7-day passport clearance still elusive for hundreds turning up at Nyayo House

Members of the public queue for services at the passport control office at Nyayo House on September 1, 2023. [Denish Ochieng, Standard]

Ivy Wasonga, a 24-year-old trained coffee barista, has missed several job opportunities in Qatar since her graduation in 2020.

With her academic credentials in hand and an unwavering determination to pursue her career dreams abroad, Ivy applied for her passport in 2020, expecting a swift and seamless process to secure a job overseas.

Little did she know that the process of getting a passport would extend into 2023, leaving her frustrated, disheartened, jobless, and hopeless.

Ivy's story is echoed by thousands of Kenyans who seek travel documents and other identification tools to leave the country for medical purposes and job opportunities overseas.

Many Kenyans who spoke to The Sunday Standard said they had placed their hopes in the promise by then-Cabinet Secretary for Interior, Fred Matiangi, in 2020, after an assurance that passports and IDs would be processed within a day. Others have swarmed at Nyayo House after current Interior CS Kithure Kindiki made dawn tours to the epicentre of immigration services in the country and assured the country of faster more efficient services

Ivy was one among many Kenyans who believed that her passport would be in her hands within a matter of days.

"I was confident that my passport would come out in two or three days if there were any delays," Ivy recounted during an interview with our undercover reporters at Nyayo House in Nairobi in the week.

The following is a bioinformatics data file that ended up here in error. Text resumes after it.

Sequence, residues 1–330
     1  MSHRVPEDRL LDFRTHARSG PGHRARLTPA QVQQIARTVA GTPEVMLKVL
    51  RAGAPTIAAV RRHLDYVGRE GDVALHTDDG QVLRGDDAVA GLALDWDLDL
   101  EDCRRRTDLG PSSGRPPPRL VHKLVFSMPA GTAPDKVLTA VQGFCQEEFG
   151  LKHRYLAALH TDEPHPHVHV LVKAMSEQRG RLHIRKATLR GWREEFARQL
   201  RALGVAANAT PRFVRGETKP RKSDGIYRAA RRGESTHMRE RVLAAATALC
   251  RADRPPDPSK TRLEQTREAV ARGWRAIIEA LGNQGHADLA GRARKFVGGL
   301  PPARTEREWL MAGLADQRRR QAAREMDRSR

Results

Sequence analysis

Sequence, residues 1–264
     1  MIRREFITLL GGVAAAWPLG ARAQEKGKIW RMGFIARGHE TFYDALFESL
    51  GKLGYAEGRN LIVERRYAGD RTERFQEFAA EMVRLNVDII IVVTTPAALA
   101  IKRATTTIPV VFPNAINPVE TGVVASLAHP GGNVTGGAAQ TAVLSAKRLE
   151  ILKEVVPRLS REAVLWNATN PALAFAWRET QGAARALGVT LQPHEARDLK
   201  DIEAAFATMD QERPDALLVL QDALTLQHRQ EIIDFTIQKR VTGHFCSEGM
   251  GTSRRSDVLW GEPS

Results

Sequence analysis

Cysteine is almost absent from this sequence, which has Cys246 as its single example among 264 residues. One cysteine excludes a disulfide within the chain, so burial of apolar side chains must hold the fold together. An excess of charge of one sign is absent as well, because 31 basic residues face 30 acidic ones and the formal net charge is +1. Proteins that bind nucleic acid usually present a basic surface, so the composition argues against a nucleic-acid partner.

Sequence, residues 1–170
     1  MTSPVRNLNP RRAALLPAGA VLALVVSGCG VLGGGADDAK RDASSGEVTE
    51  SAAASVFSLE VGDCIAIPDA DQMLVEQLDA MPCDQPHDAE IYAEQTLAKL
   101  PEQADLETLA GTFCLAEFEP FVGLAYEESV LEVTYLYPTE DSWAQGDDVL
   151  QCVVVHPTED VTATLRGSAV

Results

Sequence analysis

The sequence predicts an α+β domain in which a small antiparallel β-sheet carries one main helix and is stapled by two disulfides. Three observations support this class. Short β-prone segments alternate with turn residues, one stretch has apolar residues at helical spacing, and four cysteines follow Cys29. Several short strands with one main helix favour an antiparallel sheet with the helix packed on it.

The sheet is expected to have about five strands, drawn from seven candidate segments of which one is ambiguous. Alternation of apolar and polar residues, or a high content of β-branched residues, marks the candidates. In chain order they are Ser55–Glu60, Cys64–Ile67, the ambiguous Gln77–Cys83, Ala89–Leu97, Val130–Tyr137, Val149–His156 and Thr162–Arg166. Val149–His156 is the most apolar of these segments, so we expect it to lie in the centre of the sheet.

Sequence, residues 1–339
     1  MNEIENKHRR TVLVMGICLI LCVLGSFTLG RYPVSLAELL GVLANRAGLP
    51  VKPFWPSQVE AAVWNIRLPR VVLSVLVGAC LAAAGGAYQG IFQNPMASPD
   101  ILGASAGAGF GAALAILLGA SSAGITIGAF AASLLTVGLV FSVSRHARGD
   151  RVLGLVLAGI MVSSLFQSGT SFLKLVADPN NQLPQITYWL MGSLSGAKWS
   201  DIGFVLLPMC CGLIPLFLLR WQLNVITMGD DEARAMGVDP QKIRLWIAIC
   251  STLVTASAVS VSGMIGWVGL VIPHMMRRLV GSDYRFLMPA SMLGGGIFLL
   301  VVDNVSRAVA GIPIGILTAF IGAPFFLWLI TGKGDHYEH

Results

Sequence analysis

"And here we are in 2023, and I'm yet to receive my passport. I have missed many opportunities, but let me just get the passport and have it since I don’t see any future here."

Ivy's ordeal has become a recurring nightmare. She disclosed that she has visited Nyayo House almost every month for the past two years in the relentless pursuit of an elusive passport. She says she has encountered individuals demanding exorbitant sums of money, up to 30,000 Kenyan shillings, to expedite the release of her passport - money she simply doesn't have. 

"Kenya has no opportunities for anyone growing up, and I don't see my future in this country unless the government changes," Ivy lamented.

Halima, who preferred to withhold her last name, shared a similar tale; she applied for a passport early last year. She was proceeding to Canada for studies. She missed the opportunity because of delays at processing within Nyayo House.

Now, she has no choice but to enrol in a local university, which she considers less attractive due to its quality of education, fewer opportunities on the labour market and high tuition fees.
"I wanted to study abroad and chase opportunities there. I visited this place to push for my passport, and the person I gave my cash to help me ran away with the money," Halima recounted, expressing her frustration with the system.

She says she had placed her hopes on promises by the current CS for interior Kindiki, but the reality, she says has left her disillusioned.

Desperate service seekers

The situation at Nyayo House, where the Immigration Department is domiciled has become increasingly chaotic. A police officer stationed there and immigration officials disclosed to our crew that more than five thousand people visit the facility daily. That alone is a security nightmare.

Amid the chaos and despair, some individuals have found a way to expedite the process, albeit through illicit means. A man we speak to who identifies himself with one name, Makau, says he managed to secure his passport after a year of waiting. He revealed that he paid Sh 30,000 to a middleman who has an office at the I&M building nearby. He says within a day, he held his "hot" passport in his hands.